By Gustavo Arellano
By R. Scott Moxley
By Alfonso Delgado
By Courtney Hamilton
By Joel Beers
By Peter Maguire
By Charles Lam
By Charles Lam
FISTING 101 Seeking to thwart a costly federal lawsuit over its ban of El Modena High School's Gay/Straight Alliance (GSA), the Orange Unified School District Board of Trustees on Sept. 7 reluctantly enacted new regulations that allow gay-support groups to meet, subject to parental approval. Sex talk at any student-club meeting is banned under the agreement, but that didn't cut down on the sex talk at the school board meeting—from adults both on and off the board. Indeed, the rhetoric of the anti-GSA forces was so graphic that the mainstream media ignored it in their reports of the settlement. With high school students sitting in the audience, Donna Sigalas, a vocal opponent of El Modena High's GSA and a member of Orange-based Parents' Rights USA, offered board members a litany of sex acts homosexuals purportedly engage in—acts she believes the trustees encourage by allowing gay-support clubs. Exhibit A in Sigalas' case was her claim that "public school teachers were fired after they were caught red-handed" at a state-sponsored Gay, Lesbian and Straight Educators Network (GLSEN) conference in Boston "instructing GSA club members as young as 12 years old in homosexual practices such as fisting, oral sex, sodomy and even promoting adult-child sex." GSA supporters in the audience looked surprised, with one—David C. Codell, a civil-rights attorney who helped cobble together the settlement—barely suppressing a smirk.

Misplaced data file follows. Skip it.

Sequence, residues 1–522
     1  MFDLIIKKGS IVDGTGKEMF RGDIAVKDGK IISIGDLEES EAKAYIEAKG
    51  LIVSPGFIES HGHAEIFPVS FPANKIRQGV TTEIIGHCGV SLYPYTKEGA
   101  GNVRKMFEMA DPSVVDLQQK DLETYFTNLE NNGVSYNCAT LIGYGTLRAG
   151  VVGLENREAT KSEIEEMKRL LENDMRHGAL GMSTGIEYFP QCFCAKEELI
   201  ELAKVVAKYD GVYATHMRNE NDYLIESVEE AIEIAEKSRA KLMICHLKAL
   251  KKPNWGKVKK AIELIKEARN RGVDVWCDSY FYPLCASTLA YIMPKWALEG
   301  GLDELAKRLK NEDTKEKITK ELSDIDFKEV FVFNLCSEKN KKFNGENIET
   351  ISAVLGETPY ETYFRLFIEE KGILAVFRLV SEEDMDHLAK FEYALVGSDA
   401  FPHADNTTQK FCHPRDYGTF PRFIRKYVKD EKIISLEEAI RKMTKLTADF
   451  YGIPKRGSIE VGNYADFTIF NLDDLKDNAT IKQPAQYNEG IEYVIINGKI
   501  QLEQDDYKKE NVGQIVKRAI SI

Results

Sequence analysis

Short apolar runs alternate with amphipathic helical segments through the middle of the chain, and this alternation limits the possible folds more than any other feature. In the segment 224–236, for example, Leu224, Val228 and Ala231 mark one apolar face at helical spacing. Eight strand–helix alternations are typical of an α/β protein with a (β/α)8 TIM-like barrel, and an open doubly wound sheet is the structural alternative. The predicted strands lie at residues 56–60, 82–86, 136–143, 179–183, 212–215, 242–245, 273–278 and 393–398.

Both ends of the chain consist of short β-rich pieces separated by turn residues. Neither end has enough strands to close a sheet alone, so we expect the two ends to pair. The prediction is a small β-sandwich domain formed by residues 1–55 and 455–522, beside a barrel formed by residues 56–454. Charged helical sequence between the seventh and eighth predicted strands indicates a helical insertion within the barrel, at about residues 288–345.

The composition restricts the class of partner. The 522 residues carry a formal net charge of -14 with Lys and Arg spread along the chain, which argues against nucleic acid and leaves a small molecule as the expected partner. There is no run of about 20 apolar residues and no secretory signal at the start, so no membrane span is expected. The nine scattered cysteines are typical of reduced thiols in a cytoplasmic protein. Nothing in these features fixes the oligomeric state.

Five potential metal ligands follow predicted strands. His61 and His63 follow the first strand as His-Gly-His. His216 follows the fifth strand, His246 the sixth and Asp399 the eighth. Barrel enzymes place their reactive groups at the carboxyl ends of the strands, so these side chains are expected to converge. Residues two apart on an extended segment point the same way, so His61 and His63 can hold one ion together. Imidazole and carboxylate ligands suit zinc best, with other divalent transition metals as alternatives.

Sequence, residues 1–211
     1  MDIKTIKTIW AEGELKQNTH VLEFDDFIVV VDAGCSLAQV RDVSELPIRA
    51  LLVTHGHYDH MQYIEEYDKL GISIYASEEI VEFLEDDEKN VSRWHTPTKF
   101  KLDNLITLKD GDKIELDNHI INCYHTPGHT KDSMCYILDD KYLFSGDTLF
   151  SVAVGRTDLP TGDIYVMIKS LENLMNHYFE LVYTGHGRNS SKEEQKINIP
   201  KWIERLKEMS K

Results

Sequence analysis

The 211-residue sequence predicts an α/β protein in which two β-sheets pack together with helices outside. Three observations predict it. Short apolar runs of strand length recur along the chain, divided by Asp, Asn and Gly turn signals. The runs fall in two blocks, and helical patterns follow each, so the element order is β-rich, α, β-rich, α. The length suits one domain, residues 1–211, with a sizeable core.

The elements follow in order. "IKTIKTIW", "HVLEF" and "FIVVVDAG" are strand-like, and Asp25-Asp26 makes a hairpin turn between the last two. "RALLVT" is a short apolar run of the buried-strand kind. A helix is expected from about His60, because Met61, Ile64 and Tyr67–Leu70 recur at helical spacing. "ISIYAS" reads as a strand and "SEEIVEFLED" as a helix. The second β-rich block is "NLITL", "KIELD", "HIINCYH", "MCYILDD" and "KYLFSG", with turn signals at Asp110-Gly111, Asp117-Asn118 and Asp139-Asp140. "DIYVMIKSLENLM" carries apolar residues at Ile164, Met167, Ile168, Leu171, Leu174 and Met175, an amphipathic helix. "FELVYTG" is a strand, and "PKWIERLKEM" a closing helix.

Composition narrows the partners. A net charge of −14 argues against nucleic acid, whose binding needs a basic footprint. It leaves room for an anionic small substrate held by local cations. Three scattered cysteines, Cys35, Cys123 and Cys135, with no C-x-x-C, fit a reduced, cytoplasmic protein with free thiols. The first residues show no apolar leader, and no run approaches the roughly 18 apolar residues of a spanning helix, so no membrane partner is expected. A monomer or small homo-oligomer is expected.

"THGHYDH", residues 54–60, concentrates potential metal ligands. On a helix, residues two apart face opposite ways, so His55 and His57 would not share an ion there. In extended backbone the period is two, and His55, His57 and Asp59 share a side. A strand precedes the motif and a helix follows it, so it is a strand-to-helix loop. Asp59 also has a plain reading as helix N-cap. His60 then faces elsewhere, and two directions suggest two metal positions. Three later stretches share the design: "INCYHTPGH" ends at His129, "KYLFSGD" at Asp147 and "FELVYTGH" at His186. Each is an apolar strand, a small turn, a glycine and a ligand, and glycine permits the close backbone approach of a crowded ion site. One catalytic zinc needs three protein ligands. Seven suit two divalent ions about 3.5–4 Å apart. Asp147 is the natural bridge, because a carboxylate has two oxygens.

BURNING SENSATION Fire season officially arrived—and us without a thing to wear! Perhaps you heard the news—oh, boy—about a fast-moving brushfire east of San Clemente that on Sept. 11 turned 500 acres of canyon brush extra-crispy before making a beeline for that Duraflame dominion we call Cleveland National Forest. Which, come to think of it, is nowhere near Cleveland (thank God!). The fire scorched acreage the county leases to TRW for the corporate giant's Capistrano Test Site. The site is the birthplace of a $200 million megawatt-class space-based laser, the most powerful "beam weapon" in the U.S. military arsenal. The top-secret site also tests thrusters, rocket engines and propulsion systems. Though we escaped safely this time, the thought of an out-of-control blaze getting hold of nasty stuff like that was enough to make us wet our jammies—which really left us without a thing to wear.